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Sheikh Zayed, Cairo, Egypt.
Tapas: Tapas-Less Restaurant & Cafe in Sheikh Zayed
With areas of Cairo expanding further out of the busy centre, Sheikh Zayed is one of the newest areas ripe for exploration. With its popularity increasing by the day, the area offers customers a number of shops, cafes and restaurants.
Drawn in under false pretences by their brightly coloured couches, we perched on one of Tapas' dusty, outdoor tables. Unfortunately, the music was turned up to an uncomfortably high volume. The interior of the restaurant itself is pleasant enough, decorated in neutral colours and stone-walling, with a dash of colour.
Their menu was both detailed and well-varied, offering up a range of salads, grills and meat dishes - but no tapas. The dessert menu was also diverse, promising unique sweets that we'd never seen in Cairo before. The chef himself took our order before handing over responsibility to one of the waiters. Despite being the only customers, all our food took an unjustifiable length of time to arrive, with the excuse that everything was cooked from scratch – as it should be.
We ordered one Tapas salad (24.99LE), a meat kebab (74.99LE) and vegetable stuffed chicken (57.99LE). Unfortunately, the mixed grill and steak were unavailable at the time of our visit. Service aside, the salad starter was fresh and crispy whilst the stuffed chicken was generously sized, complemented well by its topping of creamy white sauce. Sadly, the meat kebab was chewy and fatty, whilst the sides of vegetables and fries were decidedly average.
We diverted our attention to the dessert section, and ordered the exotic sounding ice cream boom (28.99LE); a ball of doughy pastry, stuffed with ice cream and topped with a sweet sauce. After waiting another half an hour for our order to materialise, the smiling owner finally approached us. He informed us that they were unable to provide our ice-cream boom as they didn't actually have any servings pre-prepared.
Despite being situated in the reputable Arkan Mall, Tapas' high prices were lost in a below-par dining experience and a very mediocre meal.
Over the last year or so, new restaurants in Cairo have been introducing more and more exotic cuisines to the dining scene, be it Mongolian or even Peruvian with a Japanese twist, leaving classic favourites like Italian and Asian last week’s news. However, recently opened restaurant, Akli, has gone against the tide and specialises in not only one cuisine, but six, across everything from soups to desserts.
Located off Meccas Street in Dokki, Akli is divided into two zones; the ground floor, which has a exposed glass-wall baking room and shawerma station that wasn’t working at the time of our visit, is made for take-out orders, while the top floor is for dining-in. Besides the unfinished ceiling – which doesn’t seem like it will be finished because the AC duct has already been installed - the interior of the restaurant is on the classic side, with olive green, traditional panelled walls behind ruby buttoned couches. The setup of its tables is also pretty basic, but it actually has a cheerful view of a mini garden. If we were to compare it to another restaurant, Akli has the same spirit of everyone’s favourite, Bon Appetit.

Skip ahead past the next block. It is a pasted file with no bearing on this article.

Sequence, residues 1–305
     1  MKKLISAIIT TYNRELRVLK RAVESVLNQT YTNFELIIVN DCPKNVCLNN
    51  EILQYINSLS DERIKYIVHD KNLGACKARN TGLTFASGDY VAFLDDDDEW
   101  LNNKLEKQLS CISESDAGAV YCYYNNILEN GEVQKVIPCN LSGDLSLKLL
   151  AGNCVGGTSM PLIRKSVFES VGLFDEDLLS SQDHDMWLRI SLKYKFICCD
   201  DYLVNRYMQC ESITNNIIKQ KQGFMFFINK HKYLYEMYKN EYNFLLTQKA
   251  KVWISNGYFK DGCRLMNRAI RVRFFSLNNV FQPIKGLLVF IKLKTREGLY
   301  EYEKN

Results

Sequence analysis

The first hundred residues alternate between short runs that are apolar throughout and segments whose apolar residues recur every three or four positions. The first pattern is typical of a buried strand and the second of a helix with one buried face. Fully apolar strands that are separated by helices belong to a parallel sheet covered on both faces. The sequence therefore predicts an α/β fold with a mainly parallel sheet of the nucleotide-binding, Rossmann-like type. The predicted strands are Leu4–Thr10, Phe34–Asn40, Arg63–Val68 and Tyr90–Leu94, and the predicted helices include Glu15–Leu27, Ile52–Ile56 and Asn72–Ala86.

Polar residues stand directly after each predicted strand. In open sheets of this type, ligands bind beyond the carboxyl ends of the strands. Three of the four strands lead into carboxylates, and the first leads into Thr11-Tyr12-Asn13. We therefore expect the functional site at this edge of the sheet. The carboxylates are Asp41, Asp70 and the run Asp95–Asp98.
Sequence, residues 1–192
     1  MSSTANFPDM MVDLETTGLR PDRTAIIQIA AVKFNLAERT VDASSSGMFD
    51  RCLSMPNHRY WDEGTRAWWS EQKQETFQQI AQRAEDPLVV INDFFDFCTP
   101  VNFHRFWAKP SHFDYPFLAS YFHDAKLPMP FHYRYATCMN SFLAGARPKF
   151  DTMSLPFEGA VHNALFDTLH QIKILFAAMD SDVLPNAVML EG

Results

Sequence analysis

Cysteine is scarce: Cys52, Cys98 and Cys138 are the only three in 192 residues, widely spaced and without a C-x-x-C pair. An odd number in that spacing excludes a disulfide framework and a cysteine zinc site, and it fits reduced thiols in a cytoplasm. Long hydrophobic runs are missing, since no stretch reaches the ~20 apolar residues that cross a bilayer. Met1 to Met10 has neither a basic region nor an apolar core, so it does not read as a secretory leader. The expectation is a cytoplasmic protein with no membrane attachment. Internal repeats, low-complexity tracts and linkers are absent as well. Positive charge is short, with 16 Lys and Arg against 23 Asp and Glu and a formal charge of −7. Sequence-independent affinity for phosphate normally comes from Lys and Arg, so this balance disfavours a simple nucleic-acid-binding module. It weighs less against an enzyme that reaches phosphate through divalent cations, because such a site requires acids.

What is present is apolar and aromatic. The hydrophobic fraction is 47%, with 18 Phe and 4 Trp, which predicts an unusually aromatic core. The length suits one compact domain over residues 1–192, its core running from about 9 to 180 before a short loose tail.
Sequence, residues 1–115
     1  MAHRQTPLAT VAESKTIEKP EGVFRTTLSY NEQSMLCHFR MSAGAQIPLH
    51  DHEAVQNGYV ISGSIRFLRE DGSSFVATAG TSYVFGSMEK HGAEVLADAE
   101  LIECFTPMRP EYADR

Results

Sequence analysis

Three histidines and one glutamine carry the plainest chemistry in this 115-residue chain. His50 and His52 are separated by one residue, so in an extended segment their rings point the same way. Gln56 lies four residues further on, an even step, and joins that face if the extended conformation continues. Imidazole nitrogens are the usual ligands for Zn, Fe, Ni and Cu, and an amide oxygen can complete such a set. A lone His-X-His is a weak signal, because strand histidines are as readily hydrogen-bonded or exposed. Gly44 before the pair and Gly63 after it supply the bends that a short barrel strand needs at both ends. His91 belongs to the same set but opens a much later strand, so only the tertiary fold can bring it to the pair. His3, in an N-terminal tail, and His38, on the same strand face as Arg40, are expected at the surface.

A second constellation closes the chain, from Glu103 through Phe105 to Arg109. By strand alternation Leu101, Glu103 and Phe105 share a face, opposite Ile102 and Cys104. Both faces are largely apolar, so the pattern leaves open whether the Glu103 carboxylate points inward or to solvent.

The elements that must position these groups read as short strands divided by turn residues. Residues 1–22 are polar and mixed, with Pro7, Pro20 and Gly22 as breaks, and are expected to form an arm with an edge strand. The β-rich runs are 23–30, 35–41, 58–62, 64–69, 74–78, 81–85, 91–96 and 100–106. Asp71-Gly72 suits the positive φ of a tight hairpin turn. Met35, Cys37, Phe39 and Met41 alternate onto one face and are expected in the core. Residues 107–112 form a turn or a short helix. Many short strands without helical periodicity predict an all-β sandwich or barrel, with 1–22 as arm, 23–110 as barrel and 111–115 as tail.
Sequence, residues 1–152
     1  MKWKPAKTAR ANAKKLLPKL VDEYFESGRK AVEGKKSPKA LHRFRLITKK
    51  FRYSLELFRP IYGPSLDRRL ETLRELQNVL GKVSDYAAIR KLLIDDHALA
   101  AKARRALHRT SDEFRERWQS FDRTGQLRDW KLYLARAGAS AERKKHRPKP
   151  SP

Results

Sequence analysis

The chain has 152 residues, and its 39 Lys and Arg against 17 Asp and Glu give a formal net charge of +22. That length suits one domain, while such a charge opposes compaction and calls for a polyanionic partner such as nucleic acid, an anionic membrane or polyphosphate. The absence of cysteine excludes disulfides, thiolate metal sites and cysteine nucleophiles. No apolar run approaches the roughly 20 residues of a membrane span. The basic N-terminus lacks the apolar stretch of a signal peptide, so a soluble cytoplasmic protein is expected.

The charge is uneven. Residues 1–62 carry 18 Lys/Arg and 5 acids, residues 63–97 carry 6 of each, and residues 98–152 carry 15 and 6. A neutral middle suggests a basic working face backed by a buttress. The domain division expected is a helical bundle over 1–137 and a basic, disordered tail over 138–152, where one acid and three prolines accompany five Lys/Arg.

Now let’s talk about the food. Our first flight was to Italy with Spicy Arancini Di Manzo (25LE). Starting from the spot-on creamy texture and the scrumptious golden brown crust, to the melted mozzarella cheese and minced beef, which was bursting with Italian herbs flavours, those four fried Italian rice balls were rather tasty.
Our second stop was at our beloved country with Sojouk (42LE). Lying on a bed of chopped parsley in true 90’s style, the grilled sausage was seasoned well, but it was a bit tough and dry. Overall, though, the appetiser seemed incomplete and needed some kind of a sauce or a dip with it.
Moving to the mains, we opted for the Greek Shrimp Saganaki (120LE). Made of perfectly cooked jumbo shrimp in tomato sauce and topped with feta cheese, the dish was a good one, but it wasn’t Saganaki. There was too little cheese to the flavour and the tomato sauce didn’t have any Greek flavours and tasted like Egyptian vegetable stew. One the other hand, the side of lemon rice added a good zesty flavour to the dish.
We also tried Adana Kebab (89LE) from the Turkish side of the menu. Two pieces of kofta laying on Lebanese bread and served with tahini dip and basmati rice topped with nuts, the dish didn’t capture anything particularly Turkish. Although the kofta was seasoned well and the rice was light and fluffy, the dish was overpriced – it’s almost exactly the same as Shawarmaister’s Kofta Halabi Platter which costs 45LE.
We finished our meal with the French Nougat Glace (27LE) for dessert; a rectangular slice of flawless vanilla ice cream filled with mini bits of pistachio and dried fruits. It was served with sour cherry syrup with a very sticky consistency, but the dessert as a whole was light and well executed.
There’s something about what Akli is trying to do that you can’t help but appreciate – but it’s not an easy job to perfect six different cuisines in one kitchen. The ambiance of the restaurant will take you back in time when you used to dine in a sporting club with the family and the food was, overall, good but there’s nothing remarkable about it.